Paying wages, pensions and allowances in due time and not operating tax increases for the business environment, as announced by the Government, will most likely put it under strain. The authorities already have to allocate funds for the pandemic-related issues. Initially critical of the Law on NGCOs, Prime-minister Chicu is now hopeful of the 30 million EUR from the EU. Meanwhile, President Dodon announced that Moldova and Russia will resume negotiations on the 200 million EUR loan, previously declared unconstitutional by the Constitutional Court.
Apart from this, small changes should be under way for the energy sector and agriculture in the country. The World Bank will fund a project that aims to improve the efficiency of the centralized heating system, while a loan from Japan will support the Moldovan farmers in purchasing high-performance agricultural equipment.
Lower Priorities, but Significant Issues
Major foreign policies are currently on a standby or, at least, secondary, amid the political and pandemic crisis in midst of the country’s domestic affairs. The instability, however, gives off several warning signs.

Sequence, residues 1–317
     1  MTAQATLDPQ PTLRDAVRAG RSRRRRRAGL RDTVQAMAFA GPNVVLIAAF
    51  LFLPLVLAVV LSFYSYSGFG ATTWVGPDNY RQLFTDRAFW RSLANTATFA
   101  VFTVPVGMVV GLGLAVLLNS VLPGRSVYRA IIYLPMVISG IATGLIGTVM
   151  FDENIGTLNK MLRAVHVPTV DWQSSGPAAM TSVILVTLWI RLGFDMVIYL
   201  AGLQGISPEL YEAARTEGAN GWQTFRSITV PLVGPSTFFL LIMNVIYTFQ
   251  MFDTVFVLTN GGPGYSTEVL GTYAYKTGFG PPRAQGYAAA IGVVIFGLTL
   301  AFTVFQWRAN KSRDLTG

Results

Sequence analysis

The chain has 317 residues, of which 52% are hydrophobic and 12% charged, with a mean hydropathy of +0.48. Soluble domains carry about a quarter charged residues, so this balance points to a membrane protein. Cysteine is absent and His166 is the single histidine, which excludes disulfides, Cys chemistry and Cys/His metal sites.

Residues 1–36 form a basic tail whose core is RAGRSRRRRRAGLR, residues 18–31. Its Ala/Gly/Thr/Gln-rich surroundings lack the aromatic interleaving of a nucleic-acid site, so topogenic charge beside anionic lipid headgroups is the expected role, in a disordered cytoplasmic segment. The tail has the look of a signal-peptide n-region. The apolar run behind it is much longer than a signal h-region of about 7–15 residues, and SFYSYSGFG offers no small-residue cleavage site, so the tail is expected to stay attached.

Thomas Mayr Harting, the Special Representative of the OSCE Chairperson-in-Office visited Moldova in the wake of tensions between Chisinau and Tiraspol. The parties discussed the restrictions on entering and leaving the Transnistrian region, the illegal checkpoints installed by Tiraspol, and access to medical services, among others, in hopes to de-escalate the issue. Even more controversial, however, has been President Dodon’s participation at the Victory Day military parade in Moscow, alongside a substantial contingent of the National Army, in spite of health restrictions and regulations. Symbolic or not for our country’s current foreign policy is the presence of Dodon at the event, as per Vladimir Putin’s invitation, while the country marked 30 years since the adoption of the Declaration of Sovereignty.
Moldova’s political choices and domestic issues do not go unnoticed by its foreign partners. In a meeting with Oleg Tulea, the Minister of Foreign Affairs and his counterparts from EU and EaP countries, the European Commissioner for Neighborhood Policy and Enlargement, Olivér Várhelyi, pointed out that the EaP countries’ support for Moldova substantially depends on whether the authorities can deliver or not.
Photo: In Moldova, on June 18, the Pro Moldova party was officially registered. This was announced at a press conference on June 22 by party head Andrian Candu.